Wetsuit for lake swimming in Spring?
June 7, 2009 1:53 PM   Subscribe

I am thinking about getting a wetsuit to swim in the lake during the spring.

I have never purchased or worn a wetsuit before. I don't know what features to look for, and I don't even really know how much of a difference it will make. I would hate to spend a bunch of money only to find out the lake is still too damn cold.
Bonus points for a website that shows lake temperatures for Ontario (Nottawasaga bay).
posted by who else to Sports, Hobbies, & Recreation (5 answers total)
That's on Georgian Bay in Lake Huron, right? A wetsuit does make a huge difference in comfort, in my experience (whitewater paddling) but they're kind of weird to swim in. Perhaps a lightweight one designed specifically for swimming (triathlons etc) is what you need.
Or, for now just enjoy the lake from a boat or canoe. By late summer the shallow bays warm up enough for proper swimming - by August even Lake Superior is swimmable.
posted by Flashman at 2:26 PM on June 7, 2009

I wear a wetsuit for water sports in the UK, as it's hardly ever warm enough not to. However, I never used one exclusively for swimming (been immersed plenty of times though).

Wetsuits work by trapping a layer of water next to your skin, and your body warms this layer of water to your temperature. The rest of the wetsuit (neoprene) keeps the colder away away from you.

Wetsuits being almost skin tight means that some flexibility is lost, and it's somewhat uncomfortable to swim in although YMMV. Also, this means chafing. Chafing can be prevented by wearing an even skin-tighter layer, usually just on the torso, called a rash-vest. (Also keeps you warmer)

Wetsuits are measured by thickness, from as little as 2mm up to much thicker. There are full body wetsuits, or one for just legs, or just legs and torsos but no arms. You can also get wetsuit boots/socks (recommended) and gloves and balaclavas.

You can also wear clothes such as board shorts or underwear under wetsuits, but although this has a semblance of keeping you warm, it disrupts the layer of water that's trying to be warmed by your skin. The best way is just to wear rash vests etc.

Also you could wear one wetsuit on top of another, ie a full wetsuit above wetsuit leggings, but again this could affect the water layer, and will definitely impede movement.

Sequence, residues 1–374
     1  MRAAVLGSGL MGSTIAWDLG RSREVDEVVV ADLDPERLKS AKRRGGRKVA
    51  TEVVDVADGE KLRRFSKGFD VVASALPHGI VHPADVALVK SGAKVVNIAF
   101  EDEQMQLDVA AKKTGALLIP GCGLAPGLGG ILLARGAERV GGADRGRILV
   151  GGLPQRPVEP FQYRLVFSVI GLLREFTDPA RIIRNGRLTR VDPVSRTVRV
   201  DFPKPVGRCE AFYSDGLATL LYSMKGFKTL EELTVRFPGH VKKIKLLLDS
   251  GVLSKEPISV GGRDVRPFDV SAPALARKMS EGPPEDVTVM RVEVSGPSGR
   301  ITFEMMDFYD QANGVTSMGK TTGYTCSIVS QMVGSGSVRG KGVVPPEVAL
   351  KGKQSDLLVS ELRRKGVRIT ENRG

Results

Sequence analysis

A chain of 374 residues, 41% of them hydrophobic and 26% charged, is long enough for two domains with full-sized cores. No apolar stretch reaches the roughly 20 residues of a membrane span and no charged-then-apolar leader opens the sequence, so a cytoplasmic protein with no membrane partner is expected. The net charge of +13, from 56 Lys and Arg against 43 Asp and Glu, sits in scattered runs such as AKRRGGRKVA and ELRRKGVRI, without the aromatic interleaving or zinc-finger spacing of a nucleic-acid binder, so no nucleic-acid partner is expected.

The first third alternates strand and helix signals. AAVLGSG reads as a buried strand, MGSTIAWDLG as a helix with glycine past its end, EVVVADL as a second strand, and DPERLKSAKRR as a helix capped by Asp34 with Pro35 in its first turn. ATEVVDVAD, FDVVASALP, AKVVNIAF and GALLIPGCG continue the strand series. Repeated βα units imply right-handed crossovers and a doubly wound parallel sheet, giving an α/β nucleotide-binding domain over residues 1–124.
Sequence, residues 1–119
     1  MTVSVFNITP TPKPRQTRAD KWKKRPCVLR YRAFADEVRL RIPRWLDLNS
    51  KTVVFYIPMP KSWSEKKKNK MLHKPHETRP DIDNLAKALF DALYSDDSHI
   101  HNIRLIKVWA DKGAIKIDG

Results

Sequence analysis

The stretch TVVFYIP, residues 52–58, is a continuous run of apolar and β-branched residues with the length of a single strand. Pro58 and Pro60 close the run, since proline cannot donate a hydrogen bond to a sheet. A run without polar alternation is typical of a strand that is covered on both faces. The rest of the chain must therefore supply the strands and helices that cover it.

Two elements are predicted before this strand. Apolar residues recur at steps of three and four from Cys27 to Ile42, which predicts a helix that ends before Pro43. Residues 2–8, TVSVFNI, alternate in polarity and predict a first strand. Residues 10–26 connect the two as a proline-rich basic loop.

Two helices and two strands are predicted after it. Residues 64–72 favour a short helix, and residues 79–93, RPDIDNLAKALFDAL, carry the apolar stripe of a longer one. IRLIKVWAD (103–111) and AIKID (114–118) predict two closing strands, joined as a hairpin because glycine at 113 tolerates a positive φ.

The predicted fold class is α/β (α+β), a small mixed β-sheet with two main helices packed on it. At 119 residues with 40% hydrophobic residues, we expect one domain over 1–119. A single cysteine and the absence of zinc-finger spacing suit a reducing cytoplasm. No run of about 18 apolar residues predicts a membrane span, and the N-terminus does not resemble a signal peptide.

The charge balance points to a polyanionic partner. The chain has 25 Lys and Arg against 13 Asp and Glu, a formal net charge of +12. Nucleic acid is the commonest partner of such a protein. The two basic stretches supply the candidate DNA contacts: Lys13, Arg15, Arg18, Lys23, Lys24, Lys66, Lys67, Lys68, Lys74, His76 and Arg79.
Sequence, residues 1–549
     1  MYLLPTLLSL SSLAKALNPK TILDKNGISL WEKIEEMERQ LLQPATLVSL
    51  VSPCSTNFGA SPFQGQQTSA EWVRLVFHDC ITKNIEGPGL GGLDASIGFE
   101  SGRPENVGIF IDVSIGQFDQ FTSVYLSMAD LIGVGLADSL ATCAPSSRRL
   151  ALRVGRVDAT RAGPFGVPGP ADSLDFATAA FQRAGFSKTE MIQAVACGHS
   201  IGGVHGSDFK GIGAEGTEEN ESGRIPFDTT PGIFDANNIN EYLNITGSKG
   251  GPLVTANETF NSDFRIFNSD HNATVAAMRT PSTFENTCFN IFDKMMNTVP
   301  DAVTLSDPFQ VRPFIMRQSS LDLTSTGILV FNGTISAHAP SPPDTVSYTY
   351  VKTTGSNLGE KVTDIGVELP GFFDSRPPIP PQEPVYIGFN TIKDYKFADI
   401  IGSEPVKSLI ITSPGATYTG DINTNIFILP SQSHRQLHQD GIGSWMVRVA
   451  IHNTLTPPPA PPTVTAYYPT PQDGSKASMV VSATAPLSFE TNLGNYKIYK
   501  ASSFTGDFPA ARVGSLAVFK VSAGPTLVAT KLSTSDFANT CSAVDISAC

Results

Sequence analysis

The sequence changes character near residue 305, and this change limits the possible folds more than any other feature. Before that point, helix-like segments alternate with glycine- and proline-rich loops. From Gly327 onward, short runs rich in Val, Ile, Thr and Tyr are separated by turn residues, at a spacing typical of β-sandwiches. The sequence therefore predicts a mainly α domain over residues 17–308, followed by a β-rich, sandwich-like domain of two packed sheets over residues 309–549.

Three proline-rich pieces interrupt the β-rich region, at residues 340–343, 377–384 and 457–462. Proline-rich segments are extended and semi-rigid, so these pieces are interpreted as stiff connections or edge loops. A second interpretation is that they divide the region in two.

Again, with all this advice, YMMV. But I hope this has given you a start. Have fun, and stay warm!
posted by Petrot at 2:34 PM on June 7, 2009

Paragraph 2 is meant to say "... keeps the colder water away from you"
posted by Petrot at 2:35 PM on June 7, 2009

Lots of variables, thickness, sleeves or not, legs or not. Mobility is the key point, otherwise you'll just hate it. Seconding get one designed for triathlons/swimming specifically. My mom got one for exactly what you describe in Ontario/Quebec cold lakes, and it was warm enough but she didn't like the way it felt once she was in the water, so it didn't increase her swimming pleasure.
posted by kch at 2:37 PM on June 7, 2009

A wetsuit will indeed make a huge difference. The type of wetsuit you buy will make an equally huge difference; a big thick surfing wetsuit will be warmer, but will greatly restrict your mobility compared to a lighter triathlon wetsuit that's specifically designed for swimming. Your particular swimming plans will determine which is appropriate for you. If you're planning on doing significant distance, definitely opt for the more expensive triathlon suit; if you're only going to be dipping in for a few hundred yards at a time, there's no need for the fancier equipment, but do make sure to wear a rash guard underneath if you end up going for the cheaper, thicker wetsuit.
posted by saladin at 3:45 PM on June 7, 2009

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